Development of a State-of-the-Art Atomic Force Microscope for Improved Force Spectroscopy

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This research describes the development of a state-of-the-art atomic force microscope (AFM) for improved force spectroscopy. Although the AFM has been used extensively in this field of research, the performance of the instrument has been limited by inefficient operation techniques, incorrect experimental assumptions, and inadequate controller design. This research focuses on overcoming these deficiencies by providing precise control over the instrument for specialized research in a manner that is conducive to the natural science researcher.

To facilitate this research, a custom, multi-axis AFM system was constructed. The instrument was designed primarily for AFM-based force spectroscopy and as a result a substantial amount of research focused on the development of a wide variety of approach/retraction methods for the instrument. Defining research in this area included the development of methods to minimize potentially damaging compressive forces, form polymer bridges at different tip-sample gap widths, produce clean, deconvoluted force-extension curves, and limit single molecule force spectroscopy pulling geometry errors. In an effort to increase the efficiency of the instrument, the programs developed during this research were fully automated, allowing autonomous operation of the instrument for long periods of time. To compliment the data collection programs, both manual and automated analysis programs with force-volume imaging capabilities were also developed.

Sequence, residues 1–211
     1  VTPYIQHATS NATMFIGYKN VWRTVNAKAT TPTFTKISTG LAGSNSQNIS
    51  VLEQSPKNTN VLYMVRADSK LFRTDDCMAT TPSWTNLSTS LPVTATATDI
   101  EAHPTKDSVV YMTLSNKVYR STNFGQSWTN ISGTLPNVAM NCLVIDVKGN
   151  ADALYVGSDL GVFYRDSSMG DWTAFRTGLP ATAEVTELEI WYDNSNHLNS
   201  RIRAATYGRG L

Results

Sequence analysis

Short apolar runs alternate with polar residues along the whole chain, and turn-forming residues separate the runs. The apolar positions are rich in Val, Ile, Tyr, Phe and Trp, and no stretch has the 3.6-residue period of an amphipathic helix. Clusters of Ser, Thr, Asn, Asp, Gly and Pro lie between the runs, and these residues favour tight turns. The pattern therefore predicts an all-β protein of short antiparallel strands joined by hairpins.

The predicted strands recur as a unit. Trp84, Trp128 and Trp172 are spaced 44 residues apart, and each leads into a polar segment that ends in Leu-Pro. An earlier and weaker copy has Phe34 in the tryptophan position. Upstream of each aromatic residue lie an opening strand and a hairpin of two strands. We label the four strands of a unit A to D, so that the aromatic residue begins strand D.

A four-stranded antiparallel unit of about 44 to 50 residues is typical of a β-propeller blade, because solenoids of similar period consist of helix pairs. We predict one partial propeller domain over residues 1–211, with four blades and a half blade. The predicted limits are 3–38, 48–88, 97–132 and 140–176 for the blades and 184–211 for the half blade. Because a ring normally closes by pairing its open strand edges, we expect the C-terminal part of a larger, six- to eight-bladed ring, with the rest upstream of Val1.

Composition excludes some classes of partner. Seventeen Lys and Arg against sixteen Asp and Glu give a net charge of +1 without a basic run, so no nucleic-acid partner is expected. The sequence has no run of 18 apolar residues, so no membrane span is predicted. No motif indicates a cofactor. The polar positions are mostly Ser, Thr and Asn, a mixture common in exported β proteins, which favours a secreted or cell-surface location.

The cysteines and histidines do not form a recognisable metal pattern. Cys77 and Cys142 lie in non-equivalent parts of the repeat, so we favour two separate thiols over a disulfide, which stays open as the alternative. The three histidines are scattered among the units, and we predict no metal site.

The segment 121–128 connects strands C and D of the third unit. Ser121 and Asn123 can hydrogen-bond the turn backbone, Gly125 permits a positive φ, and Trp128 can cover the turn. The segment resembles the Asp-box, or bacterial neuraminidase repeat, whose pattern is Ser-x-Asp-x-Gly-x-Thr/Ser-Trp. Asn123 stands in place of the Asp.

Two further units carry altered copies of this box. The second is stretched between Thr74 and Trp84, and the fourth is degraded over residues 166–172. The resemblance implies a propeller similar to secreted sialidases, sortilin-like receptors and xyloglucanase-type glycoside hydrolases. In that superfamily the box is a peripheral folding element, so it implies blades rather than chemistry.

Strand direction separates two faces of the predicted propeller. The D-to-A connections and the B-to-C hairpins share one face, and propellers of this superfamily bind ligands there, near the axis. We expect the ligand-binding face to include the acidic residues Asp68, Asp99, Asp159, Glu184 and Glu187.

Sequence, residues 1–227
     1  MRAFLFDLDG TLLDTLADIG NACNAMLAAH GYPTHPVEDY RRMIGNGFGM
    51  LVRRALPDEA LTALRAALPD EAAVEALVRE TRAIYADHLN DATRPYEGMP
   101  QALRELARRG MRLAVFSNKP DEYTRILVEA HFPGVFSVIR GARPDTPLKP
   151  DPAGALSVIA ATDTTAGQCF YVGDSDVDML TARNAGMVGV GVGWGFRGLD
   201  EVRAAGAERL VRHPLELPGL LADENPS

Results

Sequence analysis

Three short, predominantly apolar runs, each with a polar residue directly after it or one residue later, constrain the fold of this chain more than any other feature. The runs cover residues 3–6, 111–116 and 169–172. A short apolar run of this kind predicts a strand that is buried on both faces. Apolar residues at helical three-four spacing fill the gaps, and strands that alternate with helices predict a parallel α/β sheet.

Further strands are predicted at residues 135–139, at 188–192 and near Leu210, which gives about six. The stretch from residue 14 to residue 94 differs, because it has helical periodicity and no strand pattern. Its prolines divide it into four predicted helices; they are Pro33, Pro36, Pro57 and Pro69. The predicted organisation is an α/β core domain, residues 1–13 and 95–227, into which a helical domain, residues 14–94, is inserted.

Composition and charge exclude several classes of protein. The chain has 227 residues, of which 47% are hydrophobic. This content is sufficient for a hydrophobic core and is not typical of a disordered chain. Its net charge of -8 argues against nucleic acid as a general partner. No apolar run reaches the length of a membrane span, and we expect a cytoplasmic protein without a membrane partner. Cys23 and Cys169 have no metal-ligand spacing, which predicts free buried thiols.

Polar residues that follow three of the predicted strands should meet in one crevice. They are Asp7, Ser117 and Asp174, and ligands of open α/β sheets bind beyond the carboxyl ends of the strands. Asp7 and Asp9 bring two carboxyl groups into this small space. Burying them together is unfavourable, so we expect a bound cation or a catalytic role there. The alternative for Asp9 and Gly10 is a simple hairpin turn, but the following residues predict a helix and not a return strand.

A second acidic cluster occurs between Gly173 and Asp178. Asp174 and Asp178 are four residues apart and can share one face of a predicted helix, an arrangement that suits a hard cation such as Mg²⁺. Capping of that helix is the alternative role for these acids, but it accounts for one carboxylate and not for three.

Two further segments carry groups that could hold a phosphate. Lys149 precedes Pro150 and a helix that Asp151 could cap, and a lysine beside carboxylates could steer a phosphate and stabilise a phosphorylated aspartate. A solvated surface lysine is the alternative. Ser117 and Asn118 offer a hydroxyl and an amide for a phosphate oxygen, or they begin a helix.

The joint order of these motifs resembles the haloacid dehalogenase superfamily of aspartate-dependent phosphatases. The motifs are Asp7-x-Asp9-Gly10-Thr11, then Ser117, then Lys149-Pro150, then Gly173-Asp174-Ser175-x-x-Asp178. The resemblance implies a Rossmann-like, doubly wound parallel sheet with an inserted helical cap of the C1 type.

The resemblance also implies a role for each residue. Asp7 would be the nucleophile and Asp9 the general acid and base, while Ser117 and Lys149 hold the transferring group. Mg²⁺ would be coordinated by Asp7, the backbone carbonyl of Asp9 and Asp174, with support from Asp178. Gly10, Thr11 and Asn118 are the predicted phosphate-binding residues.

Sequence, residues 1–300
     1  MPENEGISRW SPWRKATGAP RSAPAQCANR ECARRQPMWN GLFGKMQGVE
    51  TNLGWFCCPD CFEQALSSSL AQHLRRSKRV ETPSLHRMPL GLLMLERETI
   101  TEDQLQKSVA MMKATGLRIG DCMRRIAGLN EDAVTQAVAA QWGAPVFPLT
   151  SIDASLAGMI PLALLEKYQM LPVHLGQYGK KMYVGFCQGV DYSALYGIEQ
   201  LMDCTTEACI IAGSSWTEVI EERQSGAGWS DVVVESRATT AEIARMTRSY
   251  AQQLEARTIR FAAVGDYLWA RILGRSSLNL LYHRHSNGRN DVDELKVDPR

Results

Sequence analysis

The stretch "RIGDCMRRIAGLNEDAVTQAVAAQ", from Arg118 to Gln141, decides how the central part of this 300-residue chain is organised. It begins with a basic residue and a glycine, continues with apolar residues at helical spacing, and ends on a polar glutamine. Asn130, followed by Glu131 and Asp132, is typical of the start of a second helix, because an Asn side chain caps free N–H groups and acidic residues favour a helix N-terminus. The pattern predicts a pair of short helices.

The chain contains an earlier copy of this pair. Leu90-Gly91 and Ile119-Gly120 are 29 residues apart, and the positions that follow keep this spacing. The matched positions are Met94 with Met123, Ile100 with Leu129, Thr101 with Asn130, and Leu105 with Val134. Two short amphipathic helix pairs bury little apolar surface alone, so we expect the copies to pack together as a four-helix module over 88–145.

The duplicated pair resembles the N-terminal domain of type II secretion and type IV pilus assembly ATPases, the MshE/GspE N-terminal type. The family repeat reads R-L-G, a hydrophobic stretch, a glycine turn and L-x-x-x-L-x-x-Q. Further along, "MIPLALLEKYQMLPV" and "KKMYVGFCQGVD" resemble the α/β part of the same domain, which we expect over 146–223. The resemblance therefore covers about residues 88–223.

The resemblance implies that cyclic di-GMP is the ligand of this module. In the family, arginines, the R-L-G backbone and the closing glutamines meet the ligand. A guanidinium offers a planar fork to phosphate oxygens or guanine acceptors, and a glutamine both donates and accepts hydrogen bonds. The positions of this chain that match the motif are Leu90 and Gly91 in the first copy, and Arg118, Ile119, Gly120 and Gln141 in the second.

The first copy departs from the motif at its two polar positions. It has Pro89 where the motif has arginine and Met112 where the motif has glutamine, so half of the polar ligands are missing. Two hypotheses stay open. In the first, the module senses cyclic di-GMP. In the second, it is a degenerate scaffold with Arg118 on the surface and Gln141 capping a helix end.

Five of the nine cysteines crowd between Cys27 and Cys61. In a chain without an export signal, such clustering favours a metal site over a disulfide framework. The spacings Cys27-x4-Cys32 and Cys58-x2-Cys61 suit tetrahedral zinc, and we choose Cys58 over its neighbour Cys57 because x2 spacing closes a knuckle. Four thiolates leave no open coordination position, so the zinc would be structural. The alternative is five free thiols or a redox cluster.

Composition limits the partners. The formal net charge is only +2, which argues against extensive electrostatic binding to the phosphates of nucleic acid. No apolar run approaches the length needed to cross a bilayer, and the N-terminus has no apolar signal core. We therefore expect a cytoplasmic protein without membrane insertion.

By studying the AFM from a dynamic systems, measurements, and controls approach, the resulting controllers were tailored to meet the process requirements of the intended applications. In doing so, the sensitivity of the instrument was improved for applications of interest. By incorporating control over the environment, contact force, loading rate, and pulling angle, the research has increased the accuracy of the AFM such that molecules and receptor-ligand binding events can be investigated with greater detail. Furthermore, the incorporation of a graphical user interface and automated data collection and analysis tools has made the AFM a more user-friendly, efficient instrument for the natural science researcher.





Rivera, Monica (2008). Development of a State-of-the-Art Atomic Force Microscope for Improved Force Spectroscopy. Dissertation, Duke University. Retrieved from


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